We’ve all been handed a malty ale, a hoppy IPA, a smooth and sweet milkshake IPA, and various other styles of beer. But, have you ever reached for a sour beer?
Famous for a sour and somewhat salty profile is the Gosé. Originating in Goslar, Germany, Gosé beer often entails sourness, herbal notes, and a saltiness that comes from either local water sources or purposefully added ingredients. Any sour beer should be delicately soured, according to BSG’s Deborah Wood, creator of today’s recipe. Historically Goséwas stored in barrel whose flora soured the beer.
Since it’s not always easy to get your hands on a barrel to get those wild yeasts rolling, we recommended the Kettle Souring method. For this, we included a sour starter recipe and directions in this week’s Homebrewing with BSG Recipe, so that you can get your sour, fruity Gosé recipe the proper yeast it needs to achieve that tart sour punch.
Let us know your homebrewed results using the hashtags #BrewWithBSG or #BrewBSG. Happy brewing!
Leipzinger Inspired Contemporary Gosé
for 5 gal.
- 4.5 lb (2,043g) Weyermann® Pale Wheat Malt
- .3 lb (136g) Weyermann® Oak Smoked Wheat Malt
- 4.5 lb (2,043g) Weyermann®Pilsner
- .4lb (182g) Weyermann®Acidulated
- .4lb (182g) Weyermann®Carafoam
- 1 tsp Kosher Salt
- 1tsp Crushed Corriander
Hops (& Spice)
- 1/2 oz (14g) Hallertauer Mittelfruh 4.25aa x 60 min boil
- 1/2 oz (14g) Hallertauer Mittelfruh 4.25aa x 15 min boil
- 1tsp Crushed Corriander x 15 min boil
- 1 x 11.5g Fermentis SafAle S04
- Fruit, 2 lbs of fresh or frozen fruit puree to be added to the secondary. Raspberries and other small fruit, sour Cherries & mangos are a great choice.
- Original Gravity: 1.040 (10 P.)
- Finial Gravity: 1.006 (2.5 P.)
- ABV: 3.9%
- IBU: 11.9
- SRM: 3.5
- Target ph.: 3.8 -3.9
Ingredients & Directions to make a Sour Starter
- 1 lb Weyermann® Acidulated malt/ milled
- Cheese cloth and string
- 2 liters of water or fresh wort
- A Sour Starter can easily made by putting 1 lb of milled Weyermann® Acidulated Malt in a knotted piece of cheesecloth covered with fresh wort or water which is kept between 24-36 hours at 131F (55C.) A Grainfather is the perfect tool to keep the temperature at 131F (55C.) Remove the cloth bag of acidulated malt when the starter has soured. It is also possible to buy a commercial sour starter to use for making a 1-liter starter for a 5-gal batch of beer.
- Most breweries that are known to brew amazing sour beers often keep a bucket containing a house starter with Lactobacillus, and possibly other funky things, in their beer cooler. This starter is used to inoculate lactic bacteria when starting a Sour Kettle. This is done by filling your boiler with fresh un-hopped wort. The acidity of the wort will be constantly changing and evolving as the flavors develop. Knowing the pH of your favorite sour beers helps you know when it is time to initiate the boil rapidly to stop the souring process.
- The first step is to adjust and maintain the temperature to 131F (55C), then add your sour starter & maintain the temperature till the souring process is completed. You will need to maintain this temperature for between 24 – 36 hours. Approximately 24 hours after the inoculation the fun starts as the pH begins to drop rapidly. You will need to taste and verify the pH of the wort hourly until you have attained the exact degree of sourness that you desire.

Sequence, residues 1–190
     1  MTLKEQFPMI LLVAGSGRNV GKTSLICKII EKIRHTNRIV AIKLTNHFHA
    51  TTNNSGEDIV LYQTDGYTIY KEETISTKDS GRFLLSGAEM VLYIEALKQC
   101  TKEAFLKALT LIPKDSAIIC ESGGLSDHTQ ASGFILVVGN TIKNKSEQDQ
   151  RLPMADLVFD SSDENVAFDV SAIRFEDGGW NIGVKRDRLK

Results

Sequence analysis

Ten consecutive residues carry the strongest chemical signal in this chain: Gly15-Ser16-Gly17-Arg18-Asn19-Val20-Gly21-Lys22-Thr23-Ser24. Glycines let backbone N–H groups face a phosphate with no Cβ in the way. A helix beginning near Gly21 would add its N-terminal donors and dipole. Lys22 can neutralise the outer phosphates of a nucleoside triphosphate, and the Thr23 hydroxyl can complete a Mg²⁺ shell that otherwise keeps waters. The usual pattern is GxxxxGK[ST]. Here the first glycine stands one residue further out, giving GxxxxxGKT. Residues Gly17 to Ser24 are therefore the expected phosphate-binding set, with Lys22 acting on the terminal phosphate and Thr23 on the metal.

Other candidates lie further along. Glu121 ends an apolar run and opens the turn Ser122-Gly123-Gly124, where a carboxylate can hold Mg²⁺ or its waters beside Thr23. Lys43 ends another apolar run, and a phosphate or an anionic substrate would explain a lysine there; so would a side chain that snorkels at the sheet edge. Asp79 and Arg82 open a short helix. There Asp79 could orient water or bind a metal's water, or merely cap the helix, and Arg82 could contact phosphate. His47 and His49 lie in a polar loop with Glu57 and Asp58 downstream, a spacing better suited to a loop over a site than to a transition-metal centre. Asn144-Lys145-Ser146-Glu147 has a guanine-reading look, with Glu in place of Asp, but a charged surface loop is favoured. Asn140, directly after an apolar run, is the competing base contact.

- To do this you need to visualize in your mind’s eye where the flavors will be when the fermentation is completed. Having a target pH of your favorite sour beers to guide you helps. Understand that the souring process will continue until you stop it. If you leave the unfermented wort for three days it will just taste like lactic acid (too sour).
- This beer design will enhance, not hinder the fruit addition which will add color, flavor and a lively character to this brew. The basic recipe is a pale golden color and very lightly hopped, the fruit will enhance an already beautiful design and let delicate colors and aromas blossom.
Directions for Mash procedure
- Step Mash procedure, mash in at 131 F (56C) for 20 min, raise to 145F (62.7C.) x 30 min, the raise to 153F (67.2C) x 30 min, then mash out at 172F (78C) for 5 minutes then proceed to sparge at 170 (76C.)
- You want just a bit of saltiness in this beer, add salt very gradually starting with 1 tsp.
A pH. meter is necessary to verify the acidity of the wort. To sterilize the fruit before adding it to the fermenter place pureed fruit in a pot and cover with hot wort which you will then keep above 168 F for 20 minutes before you let it cool or add it directly into the fermenter. Chill to 72 F then add the yeast, aerate and then ferment at 67-70F for 5 days before you transfer to secondary for ageing. The fruit you choose will give color, flavor and a lively character to this brew. The basic recipe is a pale golden color and very lightly hopped, the fruit will enhance an already beautiful design. A second style that is wonderful is a Berliner Weisse with an OG of 1.028 to 1.030, 6 IBU, target pH of 3.6 This beer is very pale in color and has a refreshing sourness. Made with a grain bill of 50% -75% pilsner malt and 50 % to 25% Pale wheat malt.